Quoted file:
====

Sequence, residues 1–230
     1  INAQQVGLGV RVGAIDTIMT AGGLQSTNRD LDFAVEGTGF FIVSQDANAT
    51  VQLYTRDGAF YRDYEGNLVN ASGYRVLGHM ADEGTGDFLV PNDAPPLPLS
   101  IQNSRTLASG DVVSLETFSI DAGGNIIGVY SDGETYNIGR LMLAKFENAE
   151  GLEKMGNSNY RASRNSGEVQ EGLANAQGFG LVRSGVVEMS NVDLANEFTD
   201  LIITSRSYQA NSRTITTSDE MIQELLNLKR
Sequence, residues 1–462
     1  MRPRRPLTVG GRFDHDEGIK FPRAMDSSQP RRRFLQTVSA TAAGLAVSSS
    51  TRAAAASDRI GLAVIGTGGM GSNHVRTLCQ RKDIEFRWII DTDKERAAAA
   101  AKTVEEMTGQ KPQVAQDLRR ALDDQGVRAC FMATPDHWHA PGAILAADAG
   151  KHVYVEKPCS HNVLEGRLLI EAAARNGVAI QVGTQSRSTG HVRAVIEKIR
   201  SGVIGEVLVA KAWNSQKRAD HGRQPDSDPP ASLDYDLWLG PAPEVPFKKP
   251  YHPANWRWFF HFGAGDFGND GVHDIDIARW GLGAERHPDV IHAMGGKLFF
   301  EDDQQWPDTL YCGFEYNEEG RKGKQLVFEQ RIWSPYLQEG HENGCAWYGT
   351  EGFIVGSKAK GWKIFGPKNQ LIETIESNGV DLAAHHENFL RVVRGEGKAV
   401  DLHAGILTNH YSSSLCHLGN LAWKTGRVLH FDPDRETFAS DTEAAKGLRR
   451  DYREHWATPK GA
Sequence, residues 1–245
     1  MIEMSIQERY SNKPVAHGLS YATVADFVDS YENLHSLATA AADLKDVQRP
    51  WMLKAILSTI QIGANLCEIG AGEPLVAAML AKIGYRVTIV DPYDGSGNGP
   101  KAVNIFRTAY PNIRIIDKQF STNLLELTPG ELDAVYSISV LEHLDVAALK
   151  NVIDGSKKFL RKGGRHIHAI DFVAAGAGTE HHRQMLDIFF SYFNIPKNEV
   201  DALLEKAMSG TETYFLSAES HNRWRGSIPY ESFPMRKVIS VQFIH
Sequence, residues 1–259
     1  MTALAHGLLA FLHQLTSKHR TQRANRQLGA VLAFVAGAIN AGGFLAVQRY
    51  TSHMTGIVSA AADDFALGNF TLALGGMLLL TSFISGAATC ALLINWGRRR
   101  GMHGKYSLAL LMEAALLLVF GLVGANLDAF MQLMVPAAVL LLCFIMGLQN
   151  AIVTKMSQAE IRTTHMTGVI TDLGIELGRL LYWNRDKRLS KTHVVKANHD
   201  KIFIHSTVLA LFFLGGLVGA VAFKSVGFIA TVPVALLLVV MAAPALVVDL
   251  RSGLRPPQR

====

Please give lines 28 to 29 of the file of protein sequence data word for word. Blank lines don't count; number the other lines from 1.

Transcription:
   151  AIVTKMSQAE IRTTHMTGVI TDLGIELGRL LYWNRDKRLS KTHVVKANHD
   201  KIFIHSTVLA LFFLGGLVGA VAFKSVGFIA TVPVALLLVV MAAPALVVDL